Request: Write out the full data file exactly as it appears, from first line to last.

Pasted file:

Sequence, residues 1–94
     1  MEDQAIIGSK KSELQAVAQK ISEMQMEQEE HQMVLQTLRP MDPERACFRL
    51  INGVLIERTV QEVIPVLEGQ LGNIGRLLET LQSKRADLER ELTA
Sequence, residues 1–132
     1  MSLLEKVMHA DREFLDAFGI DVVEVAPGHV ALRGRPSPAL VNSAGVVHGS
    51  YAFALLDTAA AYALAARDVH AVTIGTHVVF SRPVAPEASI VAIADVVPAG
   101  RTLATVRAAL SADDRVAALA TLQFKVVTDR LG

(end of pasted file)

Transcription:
Sequence, residues 1–94
     1  MEDQAIIGSK KSELQAVAQK ISEMQMEQEE HQMVLQTLRP MDPERACFRL
    51  INGVLIERTV QEVIPVLEGQ LGNIGRLLET LQSKRADLER ELTA
Sequence, residues 1–132
     1  MSLLEKVMHA DREFLDAFGI DVVEVAPGHV ALRGRPSPAL VNSAGVVHGS
    51  YAFALLDTAA AYALAARDVH AVTIGTHVVF SRPVAPEASI VAIADVVPAG
   101  RTLATVRAAL SADDRVAALA TLQFKVVTDR LG